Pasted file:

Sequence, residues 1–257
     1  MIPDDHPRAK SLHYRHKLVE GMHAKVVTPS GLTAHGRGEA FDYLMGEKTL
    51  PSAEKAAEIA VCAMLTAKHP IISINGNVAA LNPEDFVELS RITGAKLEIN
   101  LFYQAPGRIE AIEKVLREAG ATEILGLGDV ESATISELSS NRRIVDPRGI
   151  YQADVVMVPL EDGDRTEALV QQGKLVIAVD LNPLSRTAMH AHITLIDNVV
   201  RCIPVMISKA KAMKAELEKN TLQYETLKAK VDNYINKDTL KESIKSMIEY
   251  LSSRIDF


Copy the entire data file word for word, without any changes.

Sequence, residues 1–257
     1  MIPDDHPRAK SLHYRHKLVE GMHAKVVTPS GLTAHGRGEA FDYLMGEKTL
    51  PSAEKAAEIA VCAMLTAKHP IISINGNVAA LNPEDFVELS RITGAKLEIN
   101  LFYQAPGRIE AIEKVLREAG ATEILGLGDV ESATISELSS NRRIVDPRGI
   151  YQADVVMVPL EDGDRTEALV QQGKLVIAVD LNPLSRTAMH AHITLIDNVV
   201  RCIPVMISKA KAMKAELEKN TLQYETLKAK VDNYINKDTL KESIKSMIEY
   251  LSSRIDF